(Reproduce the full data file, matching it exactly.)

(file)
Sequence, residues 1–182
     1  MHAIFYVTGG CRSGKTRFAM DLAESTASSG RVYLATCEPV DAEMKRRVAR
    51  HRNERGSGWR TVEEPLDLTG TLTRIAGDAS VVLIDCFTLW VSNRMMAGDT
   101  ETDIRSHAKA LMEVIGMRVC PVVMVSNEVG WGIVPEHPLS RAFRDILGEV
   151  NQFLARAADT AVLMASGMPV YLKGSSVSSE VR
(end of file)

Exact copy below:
Sequence, residues 1–182
     1  MHAIFYVTGG CRSGKTRFAM DLAESTASSG RVYLATCEPV DAEMKRRVAR
    51  HRNERGSGWR TVEEPLDLTG TLTRIAGDAS VVLIDCFTLW VSNRMMAGDT
   101  ETDIRSHAKA LMEVIGMRVC PVVMVSNEVG WGIVPEHPLS RAFRDILGEV
   151  NQFLARAADT AVLMASGMPV YLKGSSVSSE VR